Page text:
• Stephanie Drax

We Love: Lalibella

Lalibella is a brilliant online platform (and chic Notting Hill shop) that showcases and sells products on behalf of talented designers and artisans in a handful of African countries. Stephanie Ferrario, Tania Aragona and Stefania Calice work closely with each of their producers, encouraging their craftsmanship and skills and helping their work find its way into the eager hands of western women. The profits generated from sales flow directly to charitable projects in Ethiopia chosen by Stephanie, Tania and Stefania through their non-profit foundation Give a Future. From homeware and fashion accessories to clothing and jewellery, these vibrant, elegant and natural creations are ethically produced and empower each of their designers. What's not to love?

Stefania Calice, Stephanie Ferrario & Tania Aragona

Can you explain the principles of Lalibella - why and how you started the brand and how it helps African people, women in particular?

Lalibella was born from our passion for the African continent: its craftsmanship, its young-and-yet-so-ancient energy, as well as the striking strength that women develop to take care of their whole family. Working with Give A Future, the educational charity we have been running for the last 12 years in Ethiopia, we have seen women getting their whole family out of drastic poverty, thanks to a small loan or a simple training. Supporting African artisans is promoting self-reliance and economic development, but also nurturing a taste for unique products. We like the combination of beautiful objects and positive change.

Sisi Maxhosa Jumper by Laduma, £145

Can you give me an example of a designer who you work with who has been positively affected by her collaboration with Lalibella?

There is a multitude of beautiful stories behind Lalibella’s products, from women with HIV being trained to produce papier-mâché accessories, to Masaai women infusing their ancient beading tradition into really modern jewellery. A young South African designer called Laduma has won a lot of fashion prizes around the world for his celebrations of vibrant African colours and patterns, but in order to reach the end customer, he needed to be shown and heard. We gave him this opportunity by selling his work at the very beginning, and hope this was useful for his business. We had a lot of fun along the way.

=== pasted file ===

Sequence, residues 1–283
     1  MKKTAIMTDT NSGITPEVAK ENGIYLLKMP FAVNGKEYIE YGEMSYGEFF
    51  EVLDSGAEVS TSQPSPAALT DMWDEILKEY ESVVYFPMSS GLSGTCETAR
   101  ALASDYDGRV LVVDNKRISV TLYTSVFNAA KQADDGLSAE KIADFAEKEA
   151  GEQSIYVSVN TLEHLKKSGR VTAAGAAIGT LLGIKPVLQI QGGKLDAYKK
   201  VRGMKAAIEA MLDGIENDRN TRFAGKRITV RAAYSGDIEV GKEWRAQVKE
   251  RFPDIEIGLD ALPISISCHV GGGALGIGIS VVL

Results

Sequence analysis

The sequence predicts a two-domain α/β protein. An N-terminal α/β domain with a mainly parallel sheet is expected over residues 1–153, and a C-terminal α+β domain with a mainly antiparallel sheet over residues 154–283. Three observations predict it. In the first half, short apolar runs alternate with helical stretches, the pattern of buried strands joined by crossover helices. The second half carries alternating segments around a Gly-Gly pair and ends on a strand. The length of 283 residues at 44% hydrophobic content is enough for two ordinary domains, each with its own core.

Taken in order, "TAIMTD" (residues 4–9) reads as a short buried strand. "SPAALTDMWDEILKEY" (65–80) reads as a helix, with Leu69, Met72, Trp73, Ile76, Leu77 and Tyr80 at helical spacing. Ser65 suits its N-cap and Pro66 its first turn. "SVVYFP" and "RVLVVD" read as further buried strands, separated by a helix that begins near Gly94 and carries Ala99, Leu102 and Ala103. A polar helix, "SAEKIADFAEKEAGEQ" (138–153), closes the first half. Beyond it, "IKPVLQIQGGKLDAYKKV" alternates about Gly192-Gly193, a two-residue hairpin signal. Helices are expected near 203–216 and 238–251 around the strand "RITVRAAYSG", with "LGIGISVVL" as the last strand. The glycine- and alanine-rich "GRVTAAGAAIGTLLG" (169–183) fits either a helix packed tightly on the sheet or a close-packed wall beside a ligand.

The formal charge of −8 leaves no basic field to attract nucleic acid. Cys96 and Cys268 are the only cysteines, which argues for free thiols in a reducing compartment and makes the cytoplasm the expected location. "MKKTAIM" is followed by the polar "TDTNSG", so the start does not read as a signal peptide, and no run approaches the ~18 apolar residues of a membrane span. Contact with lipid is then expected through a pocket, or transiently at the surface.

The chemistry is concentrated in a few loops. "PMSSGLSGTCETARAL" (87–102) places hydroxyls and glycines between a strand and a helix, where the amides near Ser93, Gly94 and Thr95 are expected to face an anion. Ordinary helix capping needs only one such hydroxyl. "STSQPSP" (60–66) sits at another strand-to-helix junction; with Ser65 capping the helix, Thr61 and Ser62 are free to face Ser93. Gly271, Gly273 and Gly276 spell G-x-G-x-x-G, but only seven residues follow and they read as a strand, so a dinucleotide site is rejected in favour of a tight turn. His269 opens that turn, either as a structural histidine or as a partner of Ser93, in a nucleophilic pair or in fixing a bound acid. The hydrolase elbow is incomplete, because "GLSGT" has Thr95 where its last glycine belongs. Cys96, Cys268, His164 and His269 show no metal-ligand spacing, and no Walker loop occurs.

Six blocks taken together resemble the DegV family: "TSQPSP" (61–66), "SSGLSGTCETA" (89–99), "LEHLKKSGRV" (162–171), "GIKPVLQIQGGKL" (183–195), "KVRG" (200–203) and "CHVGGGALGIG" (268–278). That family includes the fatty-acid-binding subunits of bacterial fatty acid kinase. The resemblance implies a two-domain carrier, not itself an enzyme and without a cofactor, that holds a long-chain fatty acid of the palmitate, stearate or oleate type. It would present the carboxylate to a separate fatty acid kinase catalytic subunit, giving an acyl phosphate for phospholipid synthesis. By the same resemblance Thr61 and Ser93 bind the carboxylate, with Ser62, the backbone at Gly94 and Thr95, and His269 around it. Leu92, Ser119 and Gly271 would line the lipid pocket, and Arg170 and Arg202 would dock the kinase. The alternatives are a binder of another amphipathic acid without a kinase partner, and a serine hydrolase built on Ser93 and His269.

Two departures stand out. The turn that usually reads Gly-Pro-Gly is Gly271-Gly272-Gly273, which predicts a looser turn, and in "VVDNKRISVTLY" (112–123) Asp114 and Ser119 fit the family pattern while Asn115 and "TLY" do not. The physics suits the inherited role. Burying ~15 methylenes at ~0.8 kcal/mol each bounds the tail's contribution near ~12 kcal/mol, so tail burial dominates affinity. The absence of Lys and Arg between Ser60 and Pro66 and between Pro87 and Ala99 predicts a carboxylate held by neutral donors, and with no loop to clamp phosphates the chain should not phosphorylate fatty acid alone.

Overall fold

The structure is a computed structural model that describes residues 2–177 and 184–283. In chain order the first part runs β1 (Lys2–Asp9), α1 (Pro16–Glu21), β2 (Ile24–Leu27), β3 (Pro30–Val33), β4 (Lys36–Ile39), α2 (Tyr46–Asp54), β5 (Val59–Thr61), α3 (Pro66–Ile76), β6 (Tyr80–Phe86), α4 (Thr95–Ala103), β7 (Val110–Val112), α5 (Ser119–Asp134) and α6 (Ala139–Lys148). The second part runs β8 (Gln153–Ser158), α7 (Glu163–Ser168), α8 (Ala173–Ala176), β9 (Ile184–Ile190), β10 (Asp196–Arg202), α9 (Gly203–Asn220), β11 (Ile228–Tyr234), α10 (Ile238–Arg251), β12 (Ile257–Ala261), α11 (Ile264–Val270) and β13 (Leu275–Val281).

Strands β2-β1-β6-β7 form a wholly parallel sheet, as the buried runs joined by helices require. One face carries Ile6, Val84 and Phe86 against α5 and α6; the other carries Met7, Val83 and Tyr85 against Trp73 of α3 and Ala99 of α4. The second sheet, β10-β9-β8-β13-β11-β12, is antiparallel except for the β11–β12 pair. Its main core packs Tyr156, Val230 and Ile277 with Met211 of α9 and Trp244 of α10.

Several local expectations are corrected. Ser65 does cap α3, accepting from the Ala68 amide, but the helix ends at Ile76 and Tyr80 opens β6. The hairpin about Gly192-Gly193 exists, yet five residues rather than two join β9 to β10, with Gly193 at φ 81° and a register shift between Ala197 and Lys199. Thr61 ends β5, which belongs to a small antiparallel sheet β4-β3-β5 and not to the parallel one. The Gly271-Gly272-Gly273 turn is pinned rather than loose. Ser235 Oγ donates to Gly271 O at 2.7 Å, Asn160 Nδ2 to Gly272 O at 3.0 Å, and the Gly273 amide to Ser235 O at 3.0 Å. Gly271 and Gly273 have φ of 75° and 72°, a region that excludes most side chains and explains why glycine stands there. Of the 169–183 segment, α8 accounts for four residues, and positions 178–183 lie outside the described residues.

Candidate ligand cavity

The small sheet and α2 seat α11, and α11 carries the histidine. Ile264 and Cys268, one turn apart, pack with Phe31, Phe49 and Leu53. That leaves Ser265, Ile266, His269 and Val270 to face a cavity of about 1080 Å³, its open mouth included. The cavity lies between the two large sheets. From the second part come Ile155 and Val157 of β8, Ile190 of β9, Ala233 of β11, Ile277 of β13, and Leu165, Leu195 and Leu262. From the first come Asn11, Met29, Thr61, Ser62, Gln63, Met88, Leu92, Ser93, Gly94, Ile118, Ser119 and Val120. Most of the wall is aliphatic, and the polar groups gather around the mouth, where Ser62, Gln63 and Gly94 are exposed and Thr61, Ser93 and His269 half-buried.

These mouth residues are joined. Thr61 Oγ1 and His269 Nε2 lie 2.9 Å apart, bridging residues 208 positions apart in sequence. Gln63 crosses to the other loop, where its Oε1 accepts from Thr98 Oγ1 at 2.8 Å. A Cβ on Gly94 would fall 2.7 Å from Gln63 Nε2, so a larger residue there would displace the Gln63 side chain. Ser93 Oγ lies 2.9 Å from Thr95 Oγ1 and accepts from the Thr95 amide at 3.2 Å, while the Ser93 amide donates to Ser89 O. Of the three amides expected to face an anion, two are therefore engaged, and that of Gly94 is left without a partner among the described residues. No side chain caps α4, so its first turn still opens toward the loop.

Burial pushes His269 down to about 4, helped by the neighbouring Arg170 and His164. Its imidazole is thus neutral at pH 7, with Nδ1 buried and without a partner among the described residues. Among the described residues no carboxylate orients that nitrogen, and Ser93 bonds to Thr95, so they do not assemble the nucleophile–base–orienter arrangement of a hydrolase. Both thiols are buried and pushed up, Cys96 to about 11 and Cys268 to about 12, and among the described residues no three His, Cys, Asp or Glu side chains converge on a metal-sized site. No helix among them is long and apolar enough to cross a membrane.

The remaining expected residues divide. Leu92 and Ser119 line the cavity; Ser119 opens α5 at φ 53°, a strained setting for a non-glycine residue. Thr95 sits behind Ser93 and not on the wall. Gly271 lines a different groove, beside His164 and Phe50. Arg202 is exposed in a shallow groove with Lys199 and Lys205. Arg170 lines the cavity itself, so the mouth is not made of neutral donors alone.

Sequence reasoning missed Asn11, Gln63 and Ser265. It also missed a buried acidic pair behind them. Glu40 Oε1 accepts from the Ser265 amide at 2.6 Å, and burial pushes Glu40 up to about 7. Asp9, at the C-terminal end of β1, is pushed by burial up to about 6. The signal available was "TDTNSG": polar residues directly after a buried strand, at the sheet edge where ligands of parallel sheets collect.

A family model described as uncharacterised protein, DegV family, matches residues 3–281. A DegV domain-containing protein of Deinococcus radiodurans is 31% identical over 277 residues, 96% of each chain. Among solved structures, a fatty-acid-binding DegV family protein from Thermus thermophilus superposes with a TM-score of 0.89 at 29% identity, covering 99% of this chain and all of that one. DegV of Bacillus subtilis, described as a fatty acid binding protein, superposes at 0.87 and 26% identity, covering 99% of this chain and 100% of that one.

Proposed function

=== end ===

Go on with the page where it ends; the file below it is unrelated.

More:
What were some of your early challenges and how did you overcome them?

The early challenges were to get people to know us, host our first sales and talk about us. Equally, this has been our greatest success! All our existing and acquired friends have been immensely supportive, constantly promoting us and driving our vision of “different shopping” forward.

Stefania Calice & Stephanie Ferrario

What is/are your biggest success/es to date?

Our biggest success has been to see the interest people have in our products. We are very grateful for the many supporting articles, but also heartwarming feedback from our growing customers. To walk down the streets of London and see one of our African umbrellas in the hands of an elegant lady is an incredible boost!

What - or who - would you credit for your success?

All our success is due to passion: the passion given us by our artisans, designers and customers. The consumer world is changing and women don’t want to buy mass products anymore. They want unique pieces that mean something to them.

What are your plans for the future of the business? Where do you hope to see your business in 5 years time?

We have just opened our first concept store in Notting Hill, London. We hope to continue expanding and giving opportunities to more and more young designers and talented artisans.

What tips might you offer other female founders?

To believe in your dreams. Everything is possible if you really mean it. We have learnt that women are the backbone of their family, but also of society. They drive inspirations and changes around them.

What tools can't you live without?

People. We are all together in this world and there is much more that unites us than divides us. We need to nurture our differences and feed on each other’s passions instead of fighting them.

Finally, what quote do you live by?

"A winner is a dreamer who never gives up!" Nelson Mandela.